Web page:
November 9, 2011
Envision the trail – plan bigger
Chevy Chase Patch
By Dr. Mary S. Rivkin

Now that the Maryland Transit Administration (MTA) has presented its options for the Tunnel on the Trail—including astronomical costs to shove two tracks and a trail into an already problematic space—it’s time to call a halt and rethink the whole proposal.

Planners take many variables into account, but the variable of economic development should not dominate the decision-making as it has in the case of the Purple Line. I suggest that other variables—environmental justice, community health and childhood development—now take precedence.

Environmental justice is not served when the Purple Line establishes a 24/7 maintenance yard adjacent to a historically minority community. Nor is it served by removing a nature trail that provides fresh air, access to Rock Creek Park, and exercise space to numerous lower-income children in an apartment complex bordering the Capital Crescent Trail. Montgomery County must be fair to its lower-income residents.

Community health is not served when the Capital Crescent Trail—which, with 10,000 users a week, is the most popular trail in the county—is closed for construction for five years and reopens as a shadeless strip of asphalt. Or perhaps it never opens because it has not been built, due to cost. Nor is it served by losing this trail as a safe, multiple-access way under—rather than across—two state highways, Routes 410 and 355. The possible elimination of the tunnel under state Route 355 (Wisconsin Avenue) foretells increased morbidity and mortality for trail users.

Childhood development is also a clear casualty of closing off the Wisconsin Avenue tunnel. Now, children ride and walk safely through the tunnel. In addition, children in the middle years (7-12) have an established developmental need to “wayfind” across their own neighborhoods and beyond. The current trail is an excellent resource for such essential development. Further, as the whole nation struggles to combat childhood obesity, it is stunning that this progressive county proposes turning a path near six schools and two childcare centers into a very limited-access route dominated by fast trains. We should be providing more access for children to walk to school, not less.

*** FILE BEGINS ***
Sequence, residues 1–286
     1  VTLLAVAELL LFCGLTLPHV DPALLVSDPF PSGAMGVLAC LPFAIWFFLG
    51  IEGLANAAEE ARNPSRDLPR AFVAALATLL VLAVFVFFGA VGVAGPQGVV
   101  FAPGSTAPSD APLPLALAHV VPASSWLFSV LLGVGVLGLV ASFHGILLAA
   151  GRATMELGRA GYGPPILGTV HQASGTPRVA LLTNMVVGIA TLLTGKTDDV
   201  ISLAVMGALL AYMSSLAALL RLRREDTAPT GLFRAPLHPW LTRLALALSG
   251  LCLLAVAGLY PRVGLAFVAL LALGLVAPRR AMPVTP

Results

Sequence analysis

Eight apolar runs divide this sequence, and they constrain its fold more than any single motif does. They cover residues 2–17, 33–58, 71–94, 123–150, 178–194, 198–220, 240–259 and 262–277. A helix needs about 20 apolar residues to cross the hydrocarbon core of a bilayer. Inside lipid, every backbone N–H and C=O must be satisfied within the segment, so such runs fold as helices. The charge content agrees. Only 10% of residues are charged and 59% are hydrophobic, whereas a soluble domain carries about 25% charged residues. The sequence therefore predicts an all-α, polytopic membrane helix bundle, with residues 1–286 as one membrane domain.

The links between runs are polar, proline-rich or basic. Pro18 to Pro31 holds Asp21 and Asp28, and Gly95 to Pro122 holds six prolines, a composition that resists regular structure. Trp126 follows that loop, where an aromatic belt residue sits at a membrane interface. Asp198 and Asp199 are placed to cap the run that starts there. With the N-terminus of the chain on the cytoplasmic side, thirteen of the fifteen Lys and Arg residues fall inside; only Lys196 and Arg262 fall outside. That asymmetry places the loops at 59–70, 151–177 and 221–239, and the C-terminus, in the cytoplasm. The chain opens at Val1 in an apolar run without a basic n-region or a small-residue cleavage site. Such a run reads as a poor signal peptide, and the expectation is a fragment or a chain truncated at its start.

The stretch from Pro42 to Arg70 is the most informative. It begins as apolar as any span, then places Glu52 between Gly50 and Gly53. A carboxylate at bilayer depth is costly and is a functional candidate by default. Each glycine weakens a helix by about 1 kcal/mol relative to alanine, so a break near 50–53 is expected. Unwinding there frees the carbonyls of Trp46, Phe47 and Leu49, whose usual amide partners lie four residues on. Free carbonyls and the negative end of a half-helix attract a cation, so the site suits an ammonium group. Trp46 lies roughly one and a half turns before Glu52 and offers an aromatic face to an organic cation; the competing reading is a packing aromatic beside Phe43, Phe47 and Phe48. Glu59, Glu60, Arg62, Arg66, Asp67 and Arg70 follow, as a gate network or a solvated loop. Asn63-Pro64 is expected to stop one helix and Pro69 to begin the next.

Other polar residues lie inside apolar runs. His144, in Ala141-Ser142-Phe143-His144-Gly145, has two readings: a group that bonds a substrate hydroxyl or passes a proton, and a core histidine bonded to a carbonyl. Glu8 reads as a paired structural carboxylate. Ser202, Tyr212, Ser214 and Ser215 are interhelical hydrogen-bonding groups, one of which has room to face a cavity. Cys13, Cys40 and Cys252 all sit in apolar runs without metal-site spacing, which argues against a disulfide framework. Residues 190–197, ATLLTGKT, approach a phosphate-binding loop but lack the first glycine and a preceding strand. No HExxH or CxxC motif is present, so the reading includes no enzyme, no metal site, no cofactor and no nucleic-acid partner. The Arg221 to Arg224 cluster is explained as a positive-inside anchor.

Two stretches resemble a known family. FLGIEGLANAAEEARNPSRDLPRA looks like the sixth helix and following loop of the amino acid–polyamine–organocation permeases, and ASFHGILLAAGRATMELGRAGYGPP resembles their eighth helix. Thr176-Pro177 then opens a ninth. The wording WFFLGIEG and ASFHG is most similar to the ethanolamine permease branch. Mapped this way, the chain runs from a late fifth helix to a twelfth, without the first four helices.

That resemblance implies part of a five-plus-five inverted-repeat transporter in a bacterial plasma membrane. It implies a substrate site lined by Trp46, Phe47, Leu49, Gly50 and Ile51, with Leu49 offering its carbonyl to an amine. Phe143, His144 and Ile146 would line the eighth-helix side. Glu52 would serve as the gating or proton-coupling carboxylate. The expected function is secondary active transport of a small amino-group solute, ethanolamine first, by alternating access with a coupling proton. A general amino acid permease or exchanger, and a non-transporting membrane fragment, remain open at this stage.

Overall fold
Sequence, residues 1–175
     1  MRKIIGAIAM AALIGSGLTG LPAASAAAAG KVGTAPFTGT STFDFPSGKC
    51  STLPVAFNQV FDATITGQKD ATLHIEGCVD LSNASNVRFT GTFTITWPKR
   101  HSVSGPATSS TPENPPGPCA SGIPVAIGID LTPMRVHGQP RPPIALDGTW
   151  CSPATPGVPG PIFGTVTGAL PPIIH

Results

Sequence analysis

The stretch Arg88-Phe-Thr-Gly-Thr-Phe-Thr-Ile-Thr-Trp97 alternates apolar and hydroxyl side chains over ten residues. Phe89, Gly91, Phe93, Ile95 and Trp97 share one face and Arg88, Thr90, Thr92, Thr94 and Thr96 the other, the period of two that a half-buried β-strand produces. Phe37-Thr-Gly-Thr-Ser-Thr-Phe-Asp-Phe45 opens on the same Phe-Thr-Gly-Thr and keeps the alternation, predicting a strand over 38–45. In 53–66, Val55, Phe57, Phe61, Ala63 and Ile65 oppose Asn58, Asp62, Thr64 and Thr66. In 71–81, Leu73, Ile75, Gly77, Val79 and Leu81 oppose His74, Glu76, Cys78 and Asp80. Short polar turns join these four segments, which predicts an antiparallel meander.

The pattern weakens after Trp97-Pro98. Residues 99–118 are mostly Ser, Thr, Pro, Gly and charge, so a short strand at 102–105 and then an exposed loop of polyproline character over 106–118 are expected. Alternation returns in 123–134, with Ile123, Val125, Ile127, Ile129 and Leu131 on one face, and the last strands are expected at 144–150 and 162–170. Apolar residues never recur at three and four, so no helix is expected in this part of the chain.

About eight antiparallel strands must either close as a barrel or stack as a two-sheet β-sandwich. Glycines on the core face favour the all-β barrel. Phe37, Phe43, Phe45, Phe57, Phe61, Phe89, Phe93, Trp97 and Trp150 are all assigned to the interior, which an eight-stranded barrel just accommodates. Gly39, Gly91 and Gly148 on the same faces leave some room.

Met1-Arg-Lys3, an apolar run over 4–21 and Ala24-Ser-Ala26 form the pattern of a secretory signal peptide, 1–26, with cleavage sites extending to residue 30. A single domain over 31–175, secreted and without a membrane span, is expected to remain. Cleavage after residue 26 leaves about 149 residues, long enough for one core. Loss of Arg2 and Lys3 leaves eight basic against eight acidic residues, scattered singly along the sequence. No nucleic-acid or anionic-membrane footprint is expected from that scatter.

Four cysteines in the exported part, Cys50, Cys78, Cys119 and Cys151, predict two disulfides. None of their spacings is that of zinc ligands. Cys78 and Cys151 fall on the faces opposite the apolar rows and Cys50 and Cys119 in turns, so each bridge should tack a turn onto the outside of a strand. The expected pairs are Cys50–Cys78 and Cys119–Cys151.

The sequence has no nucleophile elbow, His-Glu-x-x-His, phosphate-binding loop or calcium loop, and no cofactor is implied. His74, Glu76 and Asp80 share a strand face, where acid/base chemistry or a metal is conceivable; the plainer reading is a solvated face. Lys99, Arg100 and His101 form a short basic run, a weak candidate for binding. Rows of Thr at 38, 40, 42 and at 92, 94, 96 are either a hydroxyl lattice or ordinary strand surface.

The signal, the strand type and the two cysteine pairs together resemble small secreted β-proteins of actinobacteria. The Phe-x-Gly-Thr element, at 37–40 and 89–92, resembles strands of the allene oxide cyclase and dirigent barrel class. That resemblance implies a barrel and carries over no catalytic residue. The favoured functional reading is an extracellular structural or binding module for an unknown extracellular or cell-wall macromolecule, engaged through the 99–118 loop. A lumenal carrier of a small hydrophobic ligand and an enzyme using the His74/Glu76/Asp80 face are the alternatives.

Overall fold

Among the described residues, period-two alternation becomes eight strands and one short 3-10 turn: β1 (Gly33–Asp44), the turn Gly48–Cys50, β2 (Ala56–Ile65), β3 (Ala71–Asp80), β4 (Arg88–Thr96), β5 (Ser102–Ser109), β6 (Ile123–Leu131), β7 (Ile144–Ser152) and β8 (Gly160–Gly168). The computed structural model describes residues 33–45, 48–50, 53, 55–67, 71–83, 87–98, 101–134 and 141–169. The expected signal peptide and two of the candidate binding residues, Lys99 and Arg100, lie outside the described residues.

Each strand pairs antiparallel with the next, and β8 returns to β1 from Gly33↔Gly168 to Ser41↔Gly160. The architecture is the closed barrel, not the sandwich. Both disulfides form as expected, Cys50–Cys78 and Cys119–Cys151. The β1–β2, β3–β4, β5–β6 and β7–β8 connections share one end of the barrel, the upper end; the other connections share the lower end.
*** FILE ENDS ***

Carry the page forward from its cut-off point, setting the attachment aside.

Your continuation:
Envisioning a fair, healthy and developmentally supportive trail. The old visions of the trail, from trolley path to double-track light rail, are truly outdated. Now that we know how important nature exposure and exercise are to health, the best response to the increasing numbers of residents, especially children, in lower Montgomery County is to reduce the priority given to economic development, and envision a nature trail all the way from Bethesda to Sligo Creek, crossing all economic levels , and linking neighborhoods in a beautiful and healthful way. We should bridge Connecticut Avenue, tunnel under Jones Mill Road, and construct dedicated pathways through the jumble at the current trail’s end, on to Sligo Creek. Use county taxes to extend the benefits of the trail into Silver Spring and connect two thriving cities.

Finally, the prevailing theory that economic development follows transit is demonstrably fallacious. Most Metro station neighborhoods in Prince George’s County have not shown development. Rather, a more promising example is the beautiful Highline Park in New York City, where a repurposed railway right-of-way has become a linear urban park so notable it has attracted both development and philanthropic funds.

Let’s try that vision for our trail!

Mary S. Rivkin is an associate professor of education at the University of Maryland, Baltimore County. Her research and writing focus on the benefits of time in nature for children. She is a member of the Board of the Friends of the Capital Crescent Trail.

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